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Indianapolis – A team of local artists, led by Andrew Ball, has constructed a colossal kaleidoscope. The finished piece measures more than 8 feet in length, making it the largest manually operated kaleidoscope in Indiana, and possibly in the United States.

The kaleidoscope was constructed from 55-gallon steel drums and acrylic mirrors. From start to finish, the project took more than 90 man hours to complete.

The piece was created for the Installation Nation Art Show, where local artists were challenged to create a piece of art contained within a 20-foot long metal shipping container. Each selected project was given a $750 grant to complete their piece.

“Last year when I looked at the long shipping containers of Installation Nation, it came to me that these would be perfect to house a giant kaleidoscope,” said Ball. “Why a giant kaleidoscope? Because I’d never seen one before. And ultimately, why not?”

Ball was joined on the project by local artists Matt Warren and Todd Bracik. The kaleidoscope can be viewed at the Installation Nation Art Show, Friday, June 4 from 6:00 pm to 1:00 a.m., and Saturday, June 5 from 5:00 p.m. to 11:00 p.m. at 500 N. College Ave., Indianapolis. Admission is $8. For more information, please visit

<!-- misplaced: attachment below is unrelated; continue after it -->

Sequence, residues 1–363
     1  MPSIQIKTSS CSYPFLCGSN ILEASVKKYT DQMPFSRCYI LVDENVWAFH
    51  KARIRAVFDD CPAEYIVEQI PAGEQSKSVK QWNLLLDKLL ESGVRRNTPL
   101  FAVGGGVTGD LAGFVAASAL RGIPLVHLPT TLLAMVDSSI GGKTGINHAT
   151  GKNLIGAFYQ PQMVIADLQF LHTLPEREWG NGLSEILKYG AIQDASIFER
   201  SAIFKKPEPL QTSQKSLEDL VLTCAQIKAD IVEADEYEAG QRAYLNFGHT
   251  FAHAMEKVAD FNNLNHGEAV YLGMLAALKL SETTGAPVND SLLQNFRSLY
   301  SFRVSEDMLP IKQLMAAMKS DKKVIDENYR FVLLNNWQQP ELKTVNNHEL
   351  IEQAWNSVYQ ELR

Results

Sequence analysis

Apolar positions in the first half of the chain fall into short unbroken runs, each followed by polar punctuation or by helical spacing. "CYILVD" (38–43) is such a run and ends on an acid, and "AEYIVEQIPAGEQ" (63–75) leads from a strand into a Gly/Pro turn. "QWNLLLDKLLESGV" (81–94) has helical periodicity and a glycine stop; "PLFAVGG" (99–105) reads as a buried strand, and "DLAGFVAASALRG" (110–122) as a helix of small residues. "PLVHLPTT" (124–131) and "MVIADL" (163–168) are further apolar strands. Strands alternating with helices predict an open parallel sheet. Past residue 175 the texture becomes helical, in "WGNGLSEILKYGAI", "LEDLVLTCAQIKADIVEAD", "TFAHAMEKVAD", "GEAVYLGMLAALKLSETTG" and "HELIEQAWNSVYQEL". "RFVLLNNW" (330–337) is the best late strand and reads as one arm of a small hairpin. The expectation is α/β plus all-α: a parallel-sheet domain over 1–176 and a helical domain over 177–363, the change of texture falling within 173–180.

About Andrew Ball: Ball discovered his passion for art late in life after taking a sculptural welding class at the Indianapolis Art Center in 2002. Since then, he has won numerous awards throughout the city. Ball creates both decorative and functional pieces constructed from a range of materials including: steel, bronze, iron, wood, glass and tile. He enjoys working with recycled and repurposed materials giving new life, function and beauty to things others might not consider.  Ball currently has pieces on display at the Indianapolis Art Center, Referral Institute of Indiana and the corporate office of Roundpeg, Inc.  For more information, please visit

About Todd Bracik: Todd has many years of experience in installation and assemblage art.  He has held shows at Big Car Gallery and the Harrison Center for the Arts.  Todd has exhibited his work in all 12 Primary Colors Allotropy Art Shows. His pieces can be seen around Indiana as well as in Ljubljana, Slovenia. For more information, please visit

About Matt Warren: Matt currently works as a Studio Technician at the Indianapolis Art Center. Years of travel throughout the US, Mexico, and South East Asia have combined with Matt’s 25 year background in landscaping and construction, to inspire a keen awareness of the interaction between line and symmetry, and the space of a place. Matt has won numerous awards at art shows throughout Indiana, and currently has permanent pieces on display in Champaign, Illinois and Woodruff Place, Indianapolis. He currently works as a Studio Technician at the Indianapolis Art Center.

Lorraine Ball